An argument that usually goes along with this is that people like me– people who say “it is not my fault that I was raped, I am a rape victim,”– get told that we’re living with a “victim mentality” and we should learn to shoulder the “mature responsibility” of a full-grown woman with “agency” and “autonomy.”
First of all, most of these people have no fucking clue what “agency” means, especially in a feminist context. When feminists say “women should have agency,” it’s a declaration about the ways that oppressive structures limit our choices. We’re saying “women should have as many open avenues as possible.” For example, often it is the female partner in a heterosexual relationship that gives up their career to stay home with the children. While every woman who does this is choosing to, she is making that choice inside of a social context that could be cutting off other options, such as the perception around stay-at-home fathers or the fact that statistically her husband probably makes more money than she does. These factors mean that her agency in that choice is at least somewhat limited (which is one of the reasons why I have some problems with “choice feminism.” If you’re interested in reading more about that, you should start with bell hooks. In fact, everyone should start with bell hooks.) To have agency means that we can vote, we aren’t barred from career fields (even dangerous ones like combat duty– I don’t need your benevolent sexism, thank you), or educational opportunities.
Autonomy is the reason why women should have agency. Autonomy is the ability for an individual person to make independent decisions, and it’s something every single human being has. It’s part of what makes us human beings. The fact that our culture has denied women agency was based on the idea that we didn’t have as much autonomy as men. We shouldn’t be allowed to vote because we can’t, went the argument. We couldn’t be trusted to make that sort of decision. We were too weak, too stupid, etc.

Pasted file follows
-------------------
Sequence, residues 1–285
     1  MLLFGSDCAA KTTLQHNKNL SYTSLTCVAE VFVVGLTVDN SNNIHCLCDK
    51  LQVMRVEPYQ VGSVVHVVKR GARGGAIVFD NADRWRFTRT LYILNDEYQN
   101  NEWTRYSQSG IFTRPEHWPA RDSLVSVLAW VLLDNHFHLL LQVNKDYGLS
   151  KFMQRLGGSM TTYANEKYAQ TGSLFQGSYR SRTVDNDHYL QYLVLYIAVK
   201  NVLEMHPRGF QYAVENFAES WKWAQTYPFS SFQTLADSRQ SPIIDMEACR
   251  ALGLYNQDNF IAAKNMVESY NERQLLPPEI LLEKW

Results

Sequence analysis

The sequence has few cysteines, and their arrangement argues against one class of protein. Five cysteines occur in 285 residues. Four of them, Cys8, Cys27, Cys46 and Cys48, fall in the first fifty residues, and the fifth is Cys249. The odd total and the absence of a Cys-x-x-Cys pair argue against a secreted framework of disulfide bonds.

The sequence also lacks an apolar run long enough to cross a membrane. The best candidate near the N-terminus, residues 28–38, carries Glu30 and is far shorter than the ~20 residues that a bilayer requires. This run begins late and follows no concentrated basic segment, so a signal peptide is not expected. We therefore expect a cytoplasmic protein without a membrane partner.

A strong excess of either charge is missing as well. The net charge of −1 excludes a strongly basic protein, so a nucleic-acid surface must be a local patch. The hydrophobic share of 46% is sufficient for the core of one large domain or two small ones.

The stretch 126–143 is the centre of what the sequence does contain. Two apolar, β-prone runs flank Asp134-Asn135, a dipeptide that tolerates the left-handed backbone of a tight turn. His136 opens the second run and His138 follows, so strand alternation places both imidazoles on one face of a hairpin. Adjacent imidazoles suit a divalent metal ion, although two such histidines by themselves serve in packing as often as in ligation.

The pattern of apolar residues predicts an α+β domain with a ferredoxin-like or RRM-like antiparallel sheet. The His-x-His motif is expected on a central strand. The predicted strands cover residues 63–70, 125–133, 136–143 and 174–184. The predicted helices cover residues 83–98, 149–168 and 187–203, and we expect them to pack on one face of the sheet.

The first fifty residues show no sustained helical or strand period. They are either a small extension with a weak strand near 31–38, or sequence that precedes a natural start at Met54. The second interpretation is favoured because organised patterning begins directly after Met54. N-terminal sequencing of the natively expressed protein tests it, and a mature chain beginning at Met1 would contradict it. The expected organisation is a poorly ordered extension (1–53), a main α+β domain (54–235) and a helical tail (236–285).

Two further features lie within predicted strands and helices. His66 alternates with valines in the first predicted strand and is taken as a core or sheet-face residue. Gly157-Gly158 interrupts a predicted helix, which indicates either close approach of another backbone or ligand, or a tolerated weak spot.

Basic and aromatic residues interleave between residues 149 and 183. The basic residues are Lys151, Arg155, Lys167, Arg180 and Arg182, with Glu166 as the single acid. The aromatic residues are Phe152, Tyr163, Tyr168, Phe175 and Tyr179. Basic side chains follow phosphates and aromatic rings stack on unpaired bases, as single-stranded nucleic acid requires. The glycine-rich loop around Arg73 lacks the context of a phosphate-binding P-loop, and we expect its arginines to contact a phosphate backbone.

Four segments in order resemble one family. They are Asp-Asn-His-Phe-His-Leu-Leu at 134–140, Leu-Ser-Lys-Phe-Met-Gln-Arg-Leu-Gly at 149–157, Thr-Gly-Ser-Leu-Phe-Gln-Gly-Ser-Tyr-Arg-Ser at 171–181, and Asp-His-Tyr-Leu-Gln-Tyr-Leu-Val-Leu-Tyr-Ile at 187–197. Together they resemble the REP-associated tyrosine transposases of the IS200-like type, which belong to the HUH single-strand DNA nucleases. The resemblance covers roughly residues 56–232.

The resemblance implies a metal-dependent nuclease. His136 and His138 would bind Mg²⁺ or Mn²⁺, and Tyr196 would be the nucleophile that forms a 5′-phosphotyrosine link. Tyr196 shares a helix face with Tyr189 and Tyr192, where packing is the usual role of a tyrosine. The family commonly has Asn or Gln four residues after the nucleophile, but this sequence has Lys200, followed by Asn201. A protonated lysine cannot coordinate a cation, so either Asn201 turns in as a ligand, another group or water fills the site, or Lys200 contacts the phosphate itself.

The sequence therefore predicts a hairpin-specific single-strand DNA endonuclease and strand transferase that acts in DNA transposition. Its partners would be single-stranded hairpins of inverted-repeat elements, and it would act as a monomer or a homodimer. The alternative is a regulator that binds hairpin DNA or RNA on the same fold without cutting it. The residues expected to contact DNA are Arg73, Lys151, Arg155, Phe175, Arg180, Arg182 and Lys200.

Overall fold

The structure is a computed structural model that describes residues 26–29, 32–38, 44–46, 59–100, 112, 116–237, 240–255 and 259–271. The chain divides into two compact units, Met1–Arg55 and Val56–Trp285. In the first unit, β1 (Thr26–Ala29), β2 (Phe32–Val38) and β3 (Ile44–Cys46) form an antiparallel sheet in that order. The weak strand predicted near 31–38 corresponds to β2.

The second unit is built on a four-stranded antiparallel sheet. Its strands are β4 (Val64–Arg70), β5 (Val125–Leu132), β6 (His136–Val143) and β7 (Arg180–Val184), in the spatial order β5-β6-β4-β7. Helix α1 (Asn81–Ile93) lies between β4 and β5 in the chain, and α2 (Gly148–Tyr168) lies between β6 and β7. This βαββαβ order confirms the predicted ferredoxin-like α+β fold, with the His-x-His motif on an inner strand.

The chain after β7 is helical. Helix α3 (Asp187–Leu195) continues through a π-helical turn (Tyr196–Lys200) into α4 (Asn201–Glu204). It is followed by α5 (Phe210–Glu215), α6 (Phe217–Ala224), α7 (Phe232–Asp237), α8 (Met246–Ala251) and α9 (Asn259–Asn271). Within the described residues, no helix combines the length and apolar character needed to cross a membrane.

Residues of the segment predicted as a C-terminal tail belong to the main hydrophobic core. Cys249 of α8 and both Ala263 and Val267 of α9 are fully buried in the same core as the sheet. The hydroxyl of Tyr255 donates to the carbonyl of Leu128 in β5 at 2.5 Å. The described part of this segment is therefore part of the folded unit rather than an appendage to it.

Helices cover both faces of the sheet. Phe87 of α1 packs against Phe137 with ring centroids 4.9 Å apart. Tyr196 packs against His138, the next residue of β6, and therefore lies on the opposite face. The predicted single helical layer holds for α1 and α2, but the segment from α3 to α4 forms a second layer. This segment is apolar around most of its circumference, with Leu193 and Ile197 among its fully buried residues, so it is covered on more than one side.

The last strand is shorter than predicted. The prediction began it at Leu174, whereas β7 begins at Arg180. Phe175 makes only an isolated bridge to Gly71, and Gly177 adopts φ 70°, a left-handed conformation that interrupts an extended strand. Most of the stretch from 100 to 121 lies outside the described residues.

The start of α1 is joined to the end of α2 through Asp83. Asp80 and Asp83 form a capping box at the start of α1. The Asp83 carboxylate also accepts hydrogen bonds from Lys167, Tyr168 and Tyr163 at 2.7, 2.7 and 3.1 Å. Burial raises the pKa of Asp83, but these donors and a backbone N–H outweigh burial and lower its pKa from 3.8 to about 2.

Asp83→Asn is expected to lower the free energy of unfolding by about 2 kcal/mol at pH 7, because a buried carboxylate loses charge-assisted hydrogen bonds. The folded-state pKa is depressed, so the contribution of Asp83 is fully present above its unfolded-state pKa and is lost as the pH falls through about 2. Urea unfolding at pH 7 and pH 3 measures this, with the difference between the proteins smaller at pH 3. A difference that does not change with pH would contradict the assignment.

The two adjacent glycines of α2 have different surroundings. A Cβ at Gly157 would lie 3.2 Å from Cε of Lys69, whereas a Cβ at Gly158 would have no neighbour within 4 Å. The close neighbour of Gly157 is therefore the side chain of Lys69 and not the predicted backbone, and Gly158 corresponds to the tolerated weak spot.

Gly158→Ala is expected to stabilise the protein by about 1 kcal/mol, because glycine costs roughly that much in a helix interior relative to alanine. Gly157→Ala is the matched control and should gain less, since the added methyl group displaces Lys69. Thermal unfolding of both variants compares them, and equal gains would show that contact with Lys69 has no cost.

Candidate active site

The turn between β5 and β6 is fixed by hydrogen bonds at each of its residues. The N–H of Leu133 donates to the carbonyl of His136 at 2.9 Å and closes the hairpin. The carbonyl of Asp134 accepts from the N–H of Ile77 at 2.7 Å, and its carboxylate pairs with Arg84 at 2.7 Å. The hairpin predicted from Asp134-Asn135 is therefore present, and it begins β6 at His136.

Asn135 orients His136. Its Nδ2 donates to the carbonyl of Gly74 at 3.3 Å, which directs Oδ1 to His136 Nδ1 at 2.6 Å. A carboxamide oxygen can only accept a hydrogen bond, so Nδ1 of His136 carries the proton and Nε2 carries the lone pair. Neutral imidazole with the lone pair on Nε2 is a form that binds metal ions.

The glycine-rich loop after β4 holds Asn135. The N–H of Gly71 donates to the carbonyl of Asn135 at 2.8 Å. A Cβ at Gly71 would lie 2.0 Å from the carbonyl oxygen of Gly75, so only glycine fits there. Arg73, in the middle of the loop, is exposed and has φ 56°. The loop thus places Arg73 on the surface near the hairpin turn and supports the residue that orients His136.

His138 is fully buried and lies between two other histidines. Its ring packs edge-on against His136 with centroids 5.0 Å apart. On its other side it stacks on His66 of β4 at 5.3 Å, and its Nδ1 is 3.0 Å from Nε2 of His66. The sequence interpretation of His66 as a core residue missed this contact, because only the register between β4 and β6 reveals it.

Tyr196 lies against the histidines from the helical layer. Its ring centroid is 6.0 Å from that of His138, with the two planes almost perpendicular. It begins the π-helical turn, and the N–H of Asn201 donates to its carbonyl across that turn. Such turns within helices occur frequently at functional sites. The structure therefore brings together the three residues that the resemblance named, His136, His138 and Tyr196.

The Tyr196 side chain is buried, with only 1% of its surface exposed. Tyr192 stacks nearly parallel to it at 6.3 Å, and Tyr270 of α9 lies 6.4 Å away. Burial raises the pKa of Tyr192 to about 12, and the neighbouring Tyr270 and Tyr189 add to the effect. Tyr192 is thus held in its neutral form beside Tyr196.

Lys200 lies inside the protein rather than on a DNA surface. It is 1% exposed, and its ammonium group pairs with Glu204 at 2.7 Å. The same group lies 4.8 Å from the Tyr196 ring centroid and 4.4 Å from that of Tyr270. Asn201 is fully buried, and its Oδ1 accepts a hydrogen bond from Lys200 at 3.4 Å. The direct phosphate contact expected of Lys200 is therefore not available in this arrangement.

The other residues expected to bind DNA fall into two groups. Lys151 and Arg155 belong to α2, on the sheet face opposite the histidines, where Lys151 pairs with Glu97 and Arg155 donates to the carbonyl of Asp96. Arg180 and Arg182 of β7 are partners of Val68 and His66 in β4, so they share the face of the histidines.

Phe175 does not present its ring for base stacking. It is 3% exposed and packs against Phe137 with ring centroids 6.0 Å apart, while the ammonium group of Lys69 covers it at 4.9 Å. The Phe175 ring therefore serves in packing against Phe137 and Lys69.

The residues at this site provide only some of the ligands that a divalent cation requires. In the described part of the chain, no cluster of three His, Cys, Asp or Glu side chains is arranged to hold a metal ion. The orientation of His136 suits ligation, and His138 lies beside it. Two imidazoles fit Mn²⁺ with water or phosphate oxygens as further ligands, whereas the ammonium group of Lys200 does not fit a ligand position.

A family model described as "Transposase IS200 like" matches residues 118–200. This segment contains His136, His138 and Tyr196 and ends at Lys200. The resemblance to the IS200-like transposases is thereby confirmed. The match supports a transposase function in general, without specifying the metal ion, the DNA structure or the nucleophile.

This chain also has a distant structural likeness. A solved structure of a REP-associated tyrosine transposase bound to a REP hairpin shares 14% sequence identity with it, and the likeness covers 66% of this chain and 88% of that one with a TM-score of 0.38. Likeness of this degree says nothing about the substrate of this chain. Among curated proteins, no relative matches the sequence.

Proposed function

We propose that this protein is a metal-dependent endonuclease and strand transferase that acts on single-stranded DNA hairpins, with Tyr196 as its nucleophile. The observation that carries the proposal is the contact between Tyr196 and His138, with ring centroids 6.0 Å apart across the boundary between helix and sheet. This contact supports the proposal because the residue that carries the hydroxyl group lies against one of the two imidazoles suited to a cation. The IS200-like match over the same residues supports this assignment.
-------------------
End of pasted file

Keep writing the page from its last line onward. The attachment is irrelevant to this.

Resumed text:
So when someone like this starts throwing around “women have agency and autonomy, y’know!” in arguments about victim blaming it should be clue number one that they don’t have any idea what they’re talking about. These ideas don’t belong in a conversation about how we were raped–regardless of sex or gender– because we weren’t the ones choosing. Someone else made the decision to rape us.
While I’ve been talking about the specific context of “you chose to date him, idiot” arguments I’ve run into, the same problems exist with
You were raped while you were drunk.
Therefore, you chose to be raped.
and all the others that are like it, and saying that “women have agency, therefore we have the power to choose to be raped” is especially hilarious in the “don’t get drunk” argument. In the “don’t get drunk” argument you are limiting her agency. Women should have the same agency as men– men can get drunk in public and not have to worry about being raped. The fact that women have to even consider rape as a possible “consequence” for getting drunk means that we don’t have the same options as men. Getting drunk and not being raped isn’t supposedly a legitimate option in the “don’t get drunk” narrative. Telling women “don’t get drunk” is telling women you don’t have agency.
Hopefully this post clears up some confusion on what makes all these arguments victim blaming.
Zimzum of Love Review
Read Samantha’s detailed review of Mark and Grace Driscoll’s book “Real Marriage”